“Our goal was never to be the builder of choice, but rather to be the supplier of builders of sustainable homes.”

One of the products that they are encouraging others to buy are Structural insulated panels. In short, they consist of two sheathings – I am pretty sure this means two pieces of wood, one of the outside, one on the inside – with an insulating piece of foam core in between them. Why is this is better than regular insulation, you might ask? Well, for tiny homes, it’s definitely the space aspect of it. Using this type of insulation makes for thinner walls and allows you some extra space on the inside of your Tiny House. And of course, that’s on top of all the usual benefits of their strength, their efficiency, and how cost effective they are. According to Cary Rolfe, the R value – I was told this means the power that the insulation has to keep the heat in – is “as much as a 2X6 wall.”

 

Carey also touched on other subjects during his talk, and one thing that really spoke to me was when he started mentioning financials. Reality check – it’s not always possible to build a Tiny House for under $20 000 in our climate. We live in East Coast Canada, not in Portland, Oregon. We have really cold temperatures, we have strong winds. We have large amounts of snowfall, and we have large amounts of rainfall too. We live in a 4 season environment, so our Tiny Houses need to reflect that. And that being said, it is – in my opinion – better to put more money into your Tiny Home to ensure its longevity if you do plan on living in the Maritimes.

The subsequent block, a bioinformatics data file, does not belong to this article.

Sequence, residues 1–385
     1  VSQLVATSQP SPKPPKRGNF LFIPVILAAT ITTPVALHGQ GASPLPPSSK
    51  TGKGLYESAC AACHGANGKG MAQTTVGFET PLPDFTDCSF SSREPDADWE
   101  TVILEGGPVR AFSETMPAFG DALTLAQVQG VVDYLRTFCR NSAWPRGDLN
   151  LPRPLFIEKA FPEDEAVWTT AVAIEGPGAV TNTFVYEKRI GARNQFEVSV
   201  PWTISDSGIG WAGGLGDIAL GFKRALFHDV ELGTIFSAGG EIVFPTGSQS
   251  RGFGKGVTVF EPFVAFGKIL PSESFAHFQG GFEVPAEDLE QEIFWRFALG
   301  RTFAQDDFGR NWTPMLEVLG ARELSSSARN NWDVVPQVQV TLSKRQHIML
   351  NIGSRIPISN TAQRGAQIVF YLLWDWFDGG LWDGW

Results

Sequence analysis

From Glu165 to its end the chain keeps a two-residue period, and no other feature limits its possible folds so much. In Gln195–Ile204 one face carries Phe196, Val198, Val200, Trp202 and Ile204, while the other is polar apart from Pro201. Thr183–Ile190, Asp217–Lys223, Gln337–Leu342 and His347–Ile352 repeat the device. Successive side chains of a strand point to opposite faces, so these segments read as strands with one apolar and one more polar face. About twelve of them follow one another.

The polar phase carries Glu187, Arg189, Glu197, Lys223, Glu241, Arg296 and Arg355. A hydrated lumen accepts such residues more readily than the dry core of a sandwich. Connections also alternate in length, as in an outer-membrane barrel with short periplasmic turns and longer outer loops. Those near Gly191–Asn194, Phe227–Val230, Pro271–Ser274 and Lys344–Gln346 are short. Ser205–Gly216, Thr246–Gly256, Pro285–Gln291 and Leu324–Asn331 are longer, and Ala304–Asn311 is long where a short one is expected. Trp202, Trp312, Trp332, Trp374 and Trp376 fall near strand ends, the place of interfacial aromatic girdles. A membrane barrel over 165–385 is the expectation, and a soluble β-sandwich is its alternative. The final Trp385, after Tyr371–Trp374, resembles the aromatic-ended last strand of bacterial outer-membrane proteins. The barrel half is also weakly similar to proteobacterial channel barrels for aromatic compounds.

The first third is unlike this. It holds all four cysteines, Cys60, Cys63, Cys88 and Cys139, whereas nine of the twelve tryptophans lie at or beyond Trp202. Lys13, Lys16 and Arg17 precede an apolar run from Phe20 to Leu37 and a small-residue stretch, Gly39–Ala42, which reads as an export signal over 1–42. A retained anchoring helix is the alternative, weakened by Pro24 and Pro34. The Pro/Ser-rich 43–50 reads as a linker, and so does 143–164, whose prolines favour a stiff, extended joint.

And speaking of living tiny in the Maritimes, that’s exactly what Judy and Nicki were there to share with us.

Judy and Nicki first moved into their Tiny House about 18 months ago, which is located in a small town outside of Sydney, Nova Scotia. If you haven’t heard of them, you definitely need to check out this CBC Article and watch their video.
Their Tiny Home is nothing but ordinary. It is incredibly unique, in the sense that it meets all of their wants and needs, all inside a very small space. They have all the luxuries they don’t want to live without – and that includes a tiny dog elevator!!

You read that right – a doggy elevator! Judy and Nicki have an 11 year old corgi named Shanti with a bad back who has slept in their bed since they adopted him, so they told the builder that they couldn’t move forward until they could find a way for him to get upstairs. And after much research, the builder – Matt from Howling Dog Construction – came up with the idea of a small electric winch-powered elevator that the dog would fit into!